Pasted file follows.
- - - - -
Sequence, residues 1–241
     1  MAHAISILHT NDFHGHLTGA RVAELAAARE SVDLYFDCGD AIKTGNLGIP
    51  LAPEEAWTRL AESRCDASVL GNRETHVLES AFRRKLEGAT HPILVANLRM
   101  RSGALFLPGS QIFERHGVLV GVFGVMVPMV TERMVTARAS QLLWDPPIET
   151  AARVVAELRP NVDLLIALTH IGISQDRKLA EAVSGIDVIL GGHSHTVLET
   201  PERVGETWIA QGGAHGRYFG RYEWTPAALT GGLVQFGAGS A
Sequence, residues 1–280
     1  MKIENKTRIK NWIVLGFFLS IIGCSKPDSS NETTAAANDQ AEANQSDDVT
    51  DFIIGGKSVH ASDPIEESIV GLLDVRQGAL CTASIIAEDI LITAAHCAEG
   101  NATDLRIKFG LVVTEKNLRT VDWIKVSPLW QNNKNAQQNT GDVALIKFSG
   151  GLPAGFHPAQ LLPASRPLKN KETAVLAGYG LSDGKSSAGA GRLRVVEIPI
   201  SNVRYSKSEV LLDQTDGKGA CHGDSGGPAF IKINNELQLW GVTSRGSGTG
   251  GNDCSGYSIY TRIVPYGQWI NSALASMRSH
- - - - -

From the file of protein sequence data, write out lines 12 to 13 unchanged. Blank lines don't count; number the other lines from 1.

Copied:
   201  SNVRYSKSEV LLDQTDGKGA CHGDSGGPAF IKINNELQLW GVTSRGSGTG
   251  GNDCSGYSIY TRIVPYGQWI NSALASMRSH